BACK IN AUGUST, US accounting watchdog chief James Doty said he was looking forward to a visit from his Chinese counterparts in October.
So why did Chinese regulators and the Ministry of Finance cancel on him, and when will Doty get to roll out the red (and yellow) carpet?
The meeting was to follow on from accounting watchdog the PCAOB’s visit to Beijing this summer, when Doty and co went to talk up the case for joint US-China audit oversight.
Its outcome was a little uncertain; the PCAOB’s strongest line was that both regulators “share the view that increasing cooperation on cross-border audit oversight will help improve the quality of auditing and accounting information of public companies”.
Last month’s meeting was supposed to cement this wobbly accord, but Accountancy Age understands China pulled out shortly beforehand and has ceased talks with its US counterparts.
US Securities and Exchange Commission activities might have something to do with this.
The October meeting was to bring together the SEC, PCAOB and China’s Securities Regulatory Commission.
However, in September, the SEC ran out of patience with Deloitte Shanghai over an alleged fraud by one of its clients, Longtop Financial Technologies.
With Deloitte stubbornly refusing to hand over relevant documents after it resigned as Longtop auditor, the SEC issued a subpoena in May and gave the firm until 8 July to comply. It did not.
The regulator then threatened to drag Deloitte to court. Soon after, China’s Ministry of Finance and CSRC cancelled their trip to Washington.
Doty told a Reuters reporter leadership changes at the CSRC might have been behind the volte-face, but it is much more likely the SEC’s aggressive stance on Deloitte has given China cold feet.
Chinese regulators remain close-lipped about the whole affair. When Deloitte asked for guidance on the SEC’s request, the Ministry of Finance and state secrets bureau did not respond.
This is not unusual for a government that prefers to avoid looking obstructive, according to China accounting blogger and visiting professor at Peking University, Paul Gillis.
Nor is it easy to contact the CSRC directly and ask them, as the regulator provides only a fax number and an email address that doesn’t work.
Joint audit oversight seems to be at an impasse, and Doty’s pronouncements are becoming increasingly hard-line.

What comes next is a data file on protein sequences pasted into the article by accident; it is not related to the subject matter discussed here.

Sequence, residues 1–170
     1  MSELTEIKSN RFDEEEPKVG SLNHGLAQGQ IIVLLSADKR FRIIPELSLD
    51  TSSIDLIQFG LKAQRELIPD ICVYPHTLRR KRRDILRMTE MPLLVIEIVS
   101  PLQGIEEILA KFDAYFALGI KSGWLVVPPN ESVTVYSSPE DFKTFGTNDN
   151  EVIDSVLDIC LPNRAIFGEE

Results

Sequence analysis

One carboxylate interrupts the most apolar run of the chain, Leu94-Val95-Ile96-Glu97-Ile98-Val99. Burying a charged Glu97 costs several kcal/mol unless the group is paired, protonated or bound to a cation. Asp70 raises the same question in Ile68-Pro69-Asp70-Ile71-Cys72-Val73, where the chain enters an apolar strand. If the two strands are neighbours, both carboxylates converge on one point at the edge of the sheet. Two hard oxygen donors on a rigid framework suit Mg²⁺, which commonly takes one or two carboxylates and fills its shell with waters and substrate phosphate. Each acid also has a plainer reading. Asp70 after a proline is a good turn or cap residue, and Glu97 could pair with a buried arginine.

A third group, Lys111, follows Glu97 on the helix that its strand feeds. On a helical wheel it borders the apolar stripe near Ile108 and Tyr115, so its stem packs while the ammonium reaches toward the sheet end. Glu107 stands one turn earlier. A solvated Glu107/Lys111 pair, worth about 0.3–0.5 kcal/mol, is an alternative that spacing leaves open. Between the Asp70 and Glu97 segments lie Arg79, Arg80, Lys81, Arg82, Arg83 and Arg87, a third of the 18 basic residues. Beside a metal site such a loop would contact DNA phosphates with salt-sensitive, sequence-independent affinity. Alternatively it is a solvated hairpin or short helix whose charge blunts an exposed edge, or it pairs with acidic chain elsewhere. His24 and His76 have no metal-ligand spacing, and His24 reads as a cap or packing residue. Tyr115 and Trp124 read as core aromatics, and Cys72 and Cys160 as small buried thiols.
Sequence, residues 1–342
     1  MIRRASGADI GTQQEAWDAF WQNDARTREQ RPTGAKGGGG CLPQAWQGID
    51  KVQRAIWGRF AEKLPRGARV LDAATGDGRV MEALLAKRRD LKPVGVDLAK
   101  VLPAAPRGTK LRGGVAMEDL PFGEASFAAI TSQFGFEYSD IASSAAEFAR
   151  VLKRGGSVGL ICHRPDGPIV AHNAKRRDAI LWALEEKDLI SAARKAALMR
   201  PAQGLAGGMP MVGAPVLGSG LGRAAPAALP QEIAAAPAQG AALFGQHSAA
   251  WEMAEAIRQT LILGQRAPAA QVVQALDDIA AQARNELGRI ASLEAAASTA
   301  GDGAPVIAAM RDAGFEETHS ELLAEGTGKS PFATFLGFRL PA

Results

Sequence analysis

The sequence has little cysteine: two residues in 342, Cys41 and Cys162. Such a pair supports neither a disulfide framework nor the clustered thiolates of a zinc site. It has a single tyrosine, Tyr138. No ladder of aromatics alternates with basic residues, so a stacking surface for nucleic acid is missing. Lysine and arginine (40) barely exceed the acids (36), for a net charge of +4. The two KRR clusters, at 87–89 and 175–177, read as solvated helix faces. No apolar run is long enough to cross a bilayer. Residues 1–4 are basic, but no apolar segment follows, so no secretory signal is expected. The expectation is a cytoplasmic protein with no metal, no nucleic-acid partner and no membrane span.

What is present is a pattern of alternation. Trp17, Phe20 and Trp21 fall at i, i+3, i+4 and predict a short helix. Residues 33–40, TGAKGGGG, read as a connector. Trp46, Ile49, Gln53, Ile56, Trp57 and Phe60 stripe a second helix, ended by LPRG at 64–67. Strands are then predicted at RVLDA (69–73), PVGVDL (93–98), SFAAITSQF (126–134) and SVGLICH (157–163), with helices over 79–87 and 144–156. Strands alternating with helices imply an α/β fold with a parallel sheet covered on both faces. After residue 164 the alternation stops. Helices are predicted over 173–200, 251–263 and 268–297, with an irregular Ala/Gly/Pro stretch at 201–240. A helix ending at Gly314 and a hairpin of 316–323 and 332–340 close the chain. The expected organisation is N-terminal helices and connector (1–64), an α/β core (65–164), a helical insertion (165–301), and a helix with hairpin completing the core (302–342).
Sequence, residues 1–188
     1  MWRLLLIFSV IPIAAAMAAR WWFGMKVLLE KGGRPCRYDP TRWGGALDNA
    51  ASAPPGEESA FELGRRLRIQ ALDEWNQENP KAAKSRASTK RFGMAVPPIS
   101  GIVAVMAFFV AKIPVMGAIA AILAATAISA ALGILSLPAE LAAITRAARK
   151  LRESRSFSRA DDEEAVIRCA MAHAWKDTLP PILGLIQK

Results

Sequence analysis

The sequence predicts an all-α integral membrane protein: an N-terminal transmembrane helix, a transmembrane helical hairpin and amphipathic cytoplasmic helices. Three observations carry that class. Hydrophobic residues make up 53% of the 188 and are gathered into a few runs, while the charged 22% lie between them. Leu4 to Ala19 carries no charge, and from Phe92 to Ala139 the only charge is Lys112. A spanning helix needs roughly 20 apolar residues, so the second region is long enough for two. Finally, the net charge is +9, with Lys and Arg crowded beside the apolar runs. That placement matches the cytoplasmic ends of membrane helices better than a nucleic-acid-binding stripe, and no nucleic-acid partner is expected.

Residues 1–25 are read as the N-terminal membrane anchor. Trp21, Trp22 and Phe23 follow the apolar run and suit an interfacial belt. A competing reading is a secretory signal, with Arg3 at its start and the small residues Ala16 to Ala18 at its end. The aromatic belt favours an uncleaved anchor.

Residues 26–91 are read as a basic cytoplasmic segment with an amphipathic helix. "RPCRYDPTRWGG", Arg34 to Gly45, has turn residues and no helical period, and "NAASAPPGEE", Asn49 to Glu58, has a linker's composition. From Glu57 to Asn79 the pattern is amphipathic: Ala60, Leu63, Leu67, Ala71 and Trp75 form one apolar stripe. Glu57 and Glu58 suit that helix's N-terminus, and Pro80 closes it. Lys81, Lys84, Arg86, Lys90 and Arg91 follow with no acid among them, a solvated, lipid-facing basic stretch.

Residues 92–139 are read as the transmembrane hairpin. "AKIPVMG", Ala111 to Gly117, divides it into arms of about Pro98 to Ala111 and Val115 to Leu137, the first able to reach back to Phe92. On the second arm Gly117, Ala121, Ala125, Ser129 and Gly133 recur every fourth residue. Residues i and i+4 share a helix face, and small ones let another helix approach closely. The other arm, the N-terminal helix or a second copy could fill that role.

In August, he placidly told Accountancy Age market pressures should be enough to nudge China into agreement, saying the “collateral consequences” of opting out will be too great.
Last week he insisted: “We are not talking about something that should happen three years from now. It needs to happen now,” suggesting the US is fed up of courting Chinese cooperation.
Apparently stung by Doty’s fighting words, Zhou Qinye, vice-general manager of the Shanghai Stock Exchange, has urged US-listed Chinese companies to “de-list and come back home”, saying Chinese and Hong Kong stock exchanges would welcome them.
However, Gillis argued domestic markets “are not ready for this” and cannot provide the kind of capital companies need.
Instead, he called on the Chinese government to allow companies to list directly overseas. Currently only the largest state-owned enterprises can do this, with smaller peers structured into offshore companies registered in places like the Cayman Islands and British Virgin Isles.
Allowing all companies to list directly would bring them under the jurisdiction of the Ministry of Finance and CSRC and improve regulatory oversight, Gillis claimed.
The current system places companies beyond the reach of both US and Chinese regulators, and has led to an oversight blind spot and related problems on US stock markets.
Chinese companies joining US exchanges often list via a reverse merger. This process is cheaper and subject to minimal due diligence, leaving investors at risk of fraud.
The problem is compounded by China’s refusal to let the PCAOB examine audits of US-listed companies, which brings us back to October’s cancelled meeting and the apparent suspension of talks between the regulators.
China is backtracking on its baby-steps towards joint oversight and the PCAOB is looking increasingly belligerent. This could not have come at a worse time, as the US is gearing up for elections and “China bashing” is increasingly likely.
A controversial bill designed to punish China for artificially preventing its currency from appreciating was passed in the Senate last month, prompting dire warnings from Beijing about strangulation of the world economy.
Against this backdrop, reaching an agreement on joint audit oversight will be tough, and significant softening will be necessary on both sides if regulators are to reach a constructive compromise.
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